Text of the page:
Survey designs and compensation methods for nonresponse problems
Degree GrantorUniversity of Canterbury
Degree NameDoctor of Philosophy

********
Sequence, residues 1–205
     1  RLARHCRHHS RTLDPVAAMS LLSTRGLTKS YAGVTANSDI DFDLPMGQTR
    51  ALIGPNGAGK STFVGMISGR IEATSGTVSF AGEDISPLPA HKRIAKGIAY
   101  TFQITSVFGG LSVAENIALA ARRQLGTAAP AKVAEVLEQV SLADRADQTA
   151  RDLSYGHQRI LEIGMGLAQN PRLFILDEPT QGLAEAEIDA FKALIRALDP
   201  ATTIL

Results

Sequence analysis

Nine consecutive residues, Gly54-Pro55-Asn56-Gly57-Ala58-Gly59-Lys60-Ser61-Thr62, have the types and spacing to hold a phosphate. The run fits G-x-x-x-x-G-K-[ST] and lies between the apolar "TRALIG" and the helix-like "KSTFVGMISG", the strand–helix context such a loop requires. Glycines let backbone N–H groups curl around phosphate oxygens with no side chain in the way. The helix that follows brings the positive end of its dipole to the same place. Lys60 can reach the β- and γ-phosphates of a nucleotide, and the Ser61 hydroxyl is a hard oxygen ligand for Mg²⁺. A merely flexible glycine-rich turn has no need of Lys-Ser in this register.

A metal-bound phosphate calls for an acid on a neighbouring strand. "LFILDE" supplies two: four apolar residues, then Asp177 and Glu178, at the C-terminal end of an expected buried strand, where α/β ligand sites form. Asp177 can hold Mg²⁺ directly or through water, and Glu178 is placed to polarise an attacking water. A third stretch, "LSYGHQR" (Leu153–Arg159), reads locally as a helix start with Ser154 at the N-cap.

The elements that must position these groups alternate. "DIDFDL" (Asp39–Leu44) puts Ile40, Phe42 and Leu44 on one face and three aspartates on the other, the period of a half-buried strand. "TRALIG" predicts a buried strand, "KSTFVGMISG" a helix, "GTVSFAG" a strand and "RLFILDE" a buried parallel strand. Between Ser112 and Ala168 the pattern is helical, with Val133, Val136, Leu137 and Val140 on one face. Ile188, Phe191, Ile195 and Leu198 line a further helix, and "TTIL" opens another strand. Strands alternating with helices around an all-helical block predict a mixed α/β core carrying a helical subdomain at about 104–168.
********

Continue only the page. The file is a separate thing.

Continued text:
This thesis is a comparative study of the unit nonresponse problem. Simulation based on the summary report of the 1997 Thailand Industrial Survey is used to investigate efficient survey designs. Research questions are (1) Which design is best for conducting large-scale surveys such as the Thailand Establishment Survey with nonresponse problems? (2) Which compensation method can reduce the effects from nonresponse problems? This study begins with an extensive review which brings together the theory of the methods for compensating nonresponse. The simulation compares across all combination of survey designs and compensation methods, thus extending the work of other researchers. In the simulation study there are various sampling designs and compensation methods. Other factors that are considered are sample size, response rates, and types of response (dependent and independent). Nonrespondent subsampling is used to compensate unit nonresponse during the data collection phase. Nonrespondent subsampling methods used in this thesis are one- and two-subsampling schemes. Weighting adjustment procedures and imputation methods are used in the estimation phase. The response mechanisms for weighting adjustment procedures and imputation methods are a naive model and a random homogeneity (RHG) model. In addition a new weighting adjustment method called the bias-removal adjustment method is proposed. Methods for dealing with nonresponse are compared by using bias, variance and design effect. The main conclusion were, whenever possible, a complex survey design should be used, e.g. stratified or post-stratified sampling with unequal probability of selection. The best method to compensate for nonresponse is nonrespondent subsampling. If subsampling is too costly RHG model with weighting adjustment or with imputation is recommended. For example in weighting adjustment method, the population-based should be used in equal probability sampling with or without replacement. For unequal probability sampling, the sample-based methods should be used in sampling without replacement and the bias-removal method should be used in sampling without replacement. In imputation method, multiple imputation with regression or methods related with regression should be used combined with weighting adjustment procedures described above for each survey design. An algorithm for dealing with nonresponse is presented.